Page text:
After reading the Teacher's at Risk blog post from a few minutes a go, I don't know what makes me angrier at this scenario.
This teacher quotes an article from the Mississauga News:
“A grade six student at St. Sebastian Elementary School has been censored by his principal after writing a speech about being bored in class…”My message is to you,” he (the student) writes in his speech, “let nobody steal your joy by keeping you bored. Find a way out. To be happy is your purpose in life.”
Oh, my goodness.
#1 The student was asked to write a speech. The student wrote a speech.
The student did that and a quite moving one at that! Now, I disagree that one's purpose in life is to just “be happy,” however, if the classroom is devoid of happiness and the excitement of learning, something is fundamentally wrong!
#2 Students have a right to their opinion.
If I'm bored, I'm bored. I have a student that stays bored in one of my classes much of the time because he says, “Mrs. Vicki, its not you, but I don't really like computers.” He'd rather be doing something else. Now, I really work hard to make it interesting for him.
That is why this 8 week assessment is what I'm calling my Passion Driven Learning project. (It is still in progress, so don't rush to judge the wikis!) The students have selected a “major” and are looking at the computer hardware and software for their “major.” This does fascinate him! So, I have given him something to be passionate about in a subject that doesn't bear inherent interest for him.
This being said. If my student is bored and says he's bored, as long as he doesn't “cuss me out” or harm another student… that's his opinion and he has a right to it. (The article says that administration determined that it was disrespectful to a teacher.)
This is not a place we censure students for having opinions unlike ours! This is a place where we encourage opinions and free speech. (Of course, the school is a private Catholic school and I too am at a private school, but this is a little extreme.)
As with all stories, there are certainly two sides to this one and we are only getting one. We also, haven't read the speech. I do believe it is important that teachers are treated with respect and my students do prepend my name with “Mrs.” However, on the surface, such thinking as represented in this article is wrong.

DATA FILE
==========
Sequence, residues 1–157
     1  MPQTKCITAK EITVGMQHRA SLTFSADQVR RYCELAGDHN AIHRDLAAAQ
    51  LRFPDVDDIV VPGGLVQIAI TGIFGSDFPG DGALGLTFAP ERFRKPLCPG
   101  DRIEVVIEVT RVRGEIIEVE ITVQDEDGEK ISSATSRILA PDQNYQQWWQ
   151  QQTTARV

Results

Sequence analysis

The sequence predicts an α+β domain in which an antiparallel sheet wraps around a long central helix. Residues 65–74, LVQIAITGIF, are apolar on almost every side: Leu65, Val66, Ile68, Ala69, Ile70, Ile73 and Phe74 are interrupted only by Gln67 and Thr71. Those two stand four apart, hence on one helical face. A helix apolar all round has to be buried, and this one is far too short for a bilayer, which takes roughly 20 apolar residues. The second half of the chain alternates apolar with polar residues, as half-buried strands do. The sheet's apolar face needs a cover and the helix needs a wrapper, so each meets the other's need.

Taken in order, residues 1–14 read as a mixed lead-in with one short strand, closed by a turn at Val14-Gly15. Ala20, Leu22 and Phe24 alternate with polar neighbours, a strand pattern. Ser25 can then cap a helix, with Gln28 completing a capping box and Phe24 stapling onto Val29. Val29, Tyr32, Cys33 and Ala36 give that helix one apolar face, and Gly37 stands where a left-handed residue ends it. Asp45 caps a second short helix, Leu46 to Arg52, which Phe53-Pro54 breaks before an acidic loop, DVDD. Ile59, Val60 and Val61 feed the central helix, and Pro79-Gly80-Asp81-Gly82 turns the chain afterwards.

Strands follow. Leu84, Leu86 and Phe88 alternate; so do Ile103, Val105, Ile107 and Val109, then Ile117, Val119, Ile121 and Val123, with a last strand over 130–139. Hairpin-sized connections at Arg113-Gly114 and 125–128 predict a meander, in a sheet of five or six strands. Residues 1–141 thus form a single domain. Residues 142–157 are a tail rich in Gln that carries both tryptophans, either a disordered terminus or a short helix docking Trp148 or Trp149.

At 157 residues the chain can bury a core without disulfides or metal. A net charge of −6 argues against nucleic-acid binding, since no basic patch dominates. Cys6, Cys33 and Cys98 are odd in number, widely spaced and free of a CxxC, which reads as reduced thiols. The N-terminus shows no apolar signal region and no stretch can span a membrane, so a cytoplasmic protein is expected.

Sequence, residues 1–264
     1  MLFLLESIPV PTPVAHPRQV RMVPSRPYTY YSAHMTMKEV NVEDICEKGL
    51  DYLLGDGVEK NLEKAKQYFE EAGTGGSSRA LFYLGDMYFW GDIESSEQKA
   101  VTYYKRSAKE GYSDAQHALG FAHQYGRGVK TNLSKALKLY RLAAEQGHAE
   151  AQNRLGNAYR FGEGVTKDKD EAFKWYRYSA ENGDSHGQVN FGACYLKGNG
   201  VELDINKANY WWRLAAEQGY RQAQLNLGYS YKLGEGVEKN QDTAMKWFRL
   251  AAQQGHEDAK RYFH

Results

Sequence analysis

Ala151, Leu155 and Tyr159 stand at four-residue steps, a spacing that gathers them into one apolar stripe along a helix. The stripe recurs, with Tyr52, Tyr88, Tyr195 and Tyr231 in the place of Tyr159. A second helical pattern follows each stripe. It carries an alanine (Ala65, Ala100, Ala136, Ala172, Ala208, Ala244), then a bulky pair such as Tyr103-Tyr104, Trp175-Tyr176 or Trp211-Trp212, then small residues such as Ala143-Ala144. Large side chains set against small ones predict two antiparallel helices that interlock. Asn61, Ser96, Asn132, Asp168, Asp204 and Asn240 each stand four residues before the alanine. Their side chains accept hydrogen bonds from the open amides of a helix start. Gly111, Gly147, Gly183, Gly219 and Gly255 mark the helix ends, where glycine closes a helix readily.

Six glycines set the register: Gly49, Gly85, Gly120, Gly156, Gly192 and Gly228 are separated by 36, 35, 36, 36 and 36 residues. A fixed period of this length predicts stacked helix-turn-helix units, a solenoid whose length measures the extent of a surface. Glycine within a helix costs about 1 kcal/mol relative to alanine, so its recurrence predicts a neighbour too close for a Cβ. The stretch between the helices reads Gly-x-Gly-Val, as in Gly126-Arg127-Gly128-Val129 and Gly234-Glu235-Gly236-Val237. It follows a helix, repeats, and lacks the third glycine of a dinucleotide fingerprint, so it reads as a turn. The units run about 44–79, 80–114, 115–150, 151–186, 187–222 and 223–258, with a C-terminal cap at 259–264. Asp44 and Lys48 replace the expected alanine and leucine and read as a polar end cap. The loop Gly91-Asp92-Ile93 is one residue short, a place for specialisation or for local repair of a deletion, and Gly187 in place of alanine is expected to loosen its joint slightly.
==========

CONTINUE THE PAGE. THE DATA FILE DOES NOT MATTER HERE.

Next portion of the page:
Don't think this is isolated
This is the thinking that tells teachers that they cannot blog and express their opinions about work or about personal items because either can be construed as unprofessional. (See the Pennsylvania Teachers Association blogging ethics guidelines.)
What is this place that no longer allows us to disagree with our employer or the place where we go to school?
Yes, I have conservative values but I also believe in the value of democracy. And although I do not take the Lord's name in vain, I believe in the free choice that allows humans to decide whether they wish to or not. (I do however, retain the right to enforce our school's rules on no profanity in my room but if a student wished to write a speech about how I was wrong that would be OK.) That is democracy and I believe that it is a God-given right for humans to be able to determine their own beliefs and express them.
Somehow this fits with a system that doesn't allow students to blog or wiki or podcast. Big Brother is watching and he doesn't want you to say anything that makes him look bad.
Now, do not think that all schools are like this. There are many progressive, amazing schools like mine and others who offer the best education has to offer in meaningful, exciting ways for students. But there seem to be so many more who let fear drive their curriculum. (See my last post about the wiki project that is shut down because of a fear of wikis!)
Faithfulness in a world gone crazy
I read a quote from Mother Teresa tonight. She said,
“I do not pray for success. I pray for faithfulness.”
In teaching, I honestly don't think we arrive to a point of “success” I was listening to blogging expert Anne Davis talk about a project she did with fifth graders earlier in the year “That didn't work” and it hit me — as long as I teach humans and remain human, there will be wins and losses.
I need faithfulness for honestly, as a teacher, I may have successful moments but I don't know that I will ever be 100% successful.
Education is messy and the World is wrinkled
Education is messy — it is about learning and no one comes into a subject knowing it all, not even the teacher. The world is also not flat, it is wrinkled and high speed internet access is irrelevant if you filter out everything that you try to access.
And in this messy classroom with wrinkled internet access, it is important that students be allowed to have a voice.
For truly, one's opinion is their last, sacred frontier and it belongs truly to the one who houses the grey sky of their own mind. We must harness that power of opinion to teach and never seek to carbon copy ourselves. That, my friend, is brainwashing and it has no place in a democracy. I have to wonder if in many places, not just this one school, if we are not seeing the roots of censorship spring.
The Death of a Future
Beware letting wrong take root
though today it be a tiny weed,
Tomorrow it may overshadow all
and kill the future seed.
(Yes, I write poetry too.)
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